Another method for skeletal maturation determination is through the study of dental maturation. Demirjian et al. method, first described in 1973, has been widely used for this purpose given its simplicity and ease of use.[13-15] As well, different authors have modified it to increase its clinical efficiency, obtaining equivalent results regarding its ability to determine skeletal maturation.[16-20] On the other hand, cervical vertebral maturation assessment has become an accepted alternative diagnostic method to hand–wrist analysis for the determination of skeletal maturation, allowing a reduction of radiation exposure since this method is applied using lateral cephalometric radiographs.[10,21-23] Skeletal and dental maturation indices have been found to be correlated. One of the strongest correlations between dental and cervical maturation has been found with the left mandibular second molar as assessed on the panoramic X-ray.[24-28] Besides, If an orthodontic/orthopedic population of growing children is to be evaluated, the observation of this tooth seems appropriate due to its long formation time span and calcification chronology.

One key aspect of establishing a diagnostic test based on panoramic films is that this radiographic examination is broadly ordered by general practitioners during their routine patient examination. This means that general practitioners would have the opportunity to assess skeletal maturation based on panoramic radiographs without asking for an additional X-ray and, consequently, allowing them timely referral of their patients to the orthodontist if deemed necessary.

Although high levels of correlation have been reported between dental and skeletal maturation,[12,16,17,29] this relationship has not been systematically analyzed in Hispano-Americans, an ethnically different population from those previously reported. This becomes a relevant issue, as dental development follows a differential timing among different ethnic groups.[29] Therefore, diagnostic performance data are missing regarding the relationship between dental and skeletal maturation in South American Hispanic population.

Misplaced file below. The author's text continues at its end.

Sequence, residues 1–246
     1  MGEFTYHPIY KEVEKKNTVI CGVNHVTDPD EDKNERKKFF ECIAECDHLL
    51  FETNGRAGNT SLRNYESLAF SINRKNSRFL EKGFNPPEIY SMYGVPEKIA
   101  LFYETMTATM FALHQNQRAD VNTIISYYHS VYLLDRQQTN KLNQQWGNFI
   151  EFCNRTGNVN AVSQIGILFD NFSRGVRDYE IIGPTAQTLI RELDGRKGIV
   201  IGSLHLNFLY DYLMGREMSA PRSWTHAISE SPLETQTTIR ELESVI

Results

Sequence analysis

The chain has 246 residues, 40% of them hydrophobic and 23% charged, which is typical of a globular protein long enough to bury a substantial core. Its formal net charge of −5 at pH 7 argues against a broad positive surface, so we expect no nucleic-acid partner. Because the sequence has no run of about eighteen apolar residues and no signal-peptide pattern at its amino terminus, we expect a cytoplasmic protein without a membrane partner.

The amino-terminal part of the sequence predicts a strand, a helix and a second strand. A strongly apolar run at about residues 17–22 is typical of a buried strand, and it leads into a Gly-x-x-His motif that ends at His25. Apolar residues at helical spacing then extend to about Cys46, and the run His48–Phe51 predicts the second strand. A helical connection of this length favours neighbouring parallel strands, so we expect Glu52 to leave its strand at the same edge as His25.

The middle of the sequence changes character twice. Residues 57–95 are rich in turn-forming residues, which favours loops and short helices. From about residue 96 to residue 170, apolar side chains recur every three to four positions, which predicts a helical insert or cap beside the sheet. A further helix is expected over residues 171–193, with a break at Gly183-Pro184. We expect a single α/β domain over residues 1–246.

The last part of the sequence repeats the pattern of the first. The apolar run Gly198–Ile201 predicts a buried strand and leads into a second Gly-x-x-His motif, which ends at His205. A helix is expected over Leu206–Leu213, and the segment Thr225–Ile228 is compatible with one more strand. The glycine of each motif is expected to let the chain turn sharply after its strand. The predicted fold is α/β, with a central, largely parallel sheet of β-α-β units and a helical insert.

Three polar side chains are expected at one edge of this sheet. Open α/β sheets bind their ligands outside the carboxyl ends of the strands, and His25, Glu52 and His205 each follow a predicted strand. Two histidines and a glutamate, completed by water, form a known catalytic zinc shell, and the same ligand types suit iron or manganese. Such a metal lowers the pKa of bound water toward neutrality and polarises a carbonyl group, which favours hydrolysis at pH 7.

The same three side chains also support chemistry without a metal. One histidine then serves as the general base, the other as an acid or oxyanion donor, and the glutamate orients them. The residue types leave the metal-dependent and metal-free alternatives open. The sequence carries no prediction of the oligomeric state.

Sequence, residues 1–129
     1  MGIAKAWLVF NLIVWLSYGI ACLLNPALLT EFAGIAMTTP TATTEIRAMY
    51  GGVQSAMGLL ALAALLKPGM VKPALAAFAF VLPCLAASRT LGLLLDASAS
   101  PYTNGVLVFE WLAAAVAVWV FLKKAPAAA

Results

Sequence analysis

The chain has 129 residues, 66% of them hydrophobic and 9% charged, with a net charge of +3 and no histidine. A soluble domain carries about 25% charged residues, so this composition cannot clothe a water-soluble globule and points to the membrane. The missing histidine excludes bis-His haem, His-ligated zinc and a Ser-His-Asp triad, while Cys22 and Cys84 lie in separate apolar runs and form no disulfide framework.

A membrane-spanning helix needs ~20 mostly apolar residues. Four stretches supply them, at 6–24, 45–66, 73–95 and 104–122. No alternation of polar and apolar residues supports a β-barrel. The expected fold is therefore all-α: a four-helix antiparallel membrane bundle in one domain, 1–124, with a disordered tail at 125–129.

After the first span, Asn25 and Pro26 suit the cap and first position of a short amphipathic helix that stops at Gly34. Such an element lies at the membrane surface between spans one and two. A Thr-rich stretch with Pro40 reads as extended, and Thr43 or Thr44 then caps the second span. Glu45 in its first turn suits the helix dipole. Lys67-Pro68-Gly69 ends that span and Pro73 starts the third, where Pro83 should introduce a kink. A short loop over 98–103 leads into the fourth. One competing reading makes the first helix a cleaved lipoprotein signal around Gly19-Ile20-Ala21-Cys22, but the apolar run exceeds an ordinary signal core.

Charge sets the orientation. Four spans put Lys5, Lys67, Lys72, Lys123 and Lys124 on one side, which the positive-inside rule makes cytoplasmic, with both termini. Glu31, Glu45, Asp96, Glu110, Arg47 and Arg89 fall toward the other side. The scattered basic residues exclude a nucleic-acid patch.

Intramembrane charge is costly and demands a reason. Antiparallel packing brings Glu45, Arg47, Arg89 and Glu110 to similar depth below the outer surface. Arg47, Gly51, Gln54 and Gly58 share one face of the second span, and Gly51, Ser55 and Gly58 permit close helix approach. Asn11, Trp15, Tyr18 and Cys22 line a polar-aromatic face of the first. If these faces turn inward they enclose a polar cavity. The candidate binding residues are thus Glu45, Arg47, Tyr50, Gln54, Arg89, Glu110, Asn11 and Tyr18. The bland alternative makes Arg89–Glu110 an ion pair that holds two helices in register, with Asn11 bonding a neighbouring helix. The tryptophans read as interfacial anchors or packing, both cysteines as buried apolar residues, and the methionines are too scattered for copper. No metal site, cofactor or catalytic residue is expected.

The present study aimed at exploring dental maturation assessed at the lower left second molar as a diagnostic test for skeletal maturation in a sample of growing individuals in Chile.

MATERIALS AND METHODS

Population

A collection of panoramic and lateral cephalometric radiographs from children aged 5–15 years old was used. Both radiographs were acquired the same day, between June 2011 and July 2012 at Universidad de Los Andes, located in San Bernardo, Metropolitan Region, Chile. Every patient’s legal guardian signed an informed consent allowing the use of his or her radiographs for research purposes. This study is in accordance with the Helsinki Declaration and had the approval of the Research Committee, Faculty of Odontology of the Universidad de Los Andes.

Selection criteria

Panoramic radiographs showing the left mandibular second molar and lateral cephalograms correctly showing the cervical vertebral bodies were included in the study. Patients lacking personal data (gender or date of birth), presenting syndromes or pathologies that affect dental eruption, and dental developmental anomalies affecting the teeth were not included in the study.

Acquisition

A trained operator obtained the panoramic and lateral cephalometric radiographs with an Orthophos XG5 (Sirona Dental Salzburg, Austria) X-ray machine. The exposition parameters for panoramic radiographs were 75 kV, 15 mA, and 14.1 s, while for lateral cephalograms were 73 kV, 15 mA, and 9.4 s. Both radiographic examinations were assessed using the SIDEXIS XG software (Sirona Dental, Salzburg, Austria).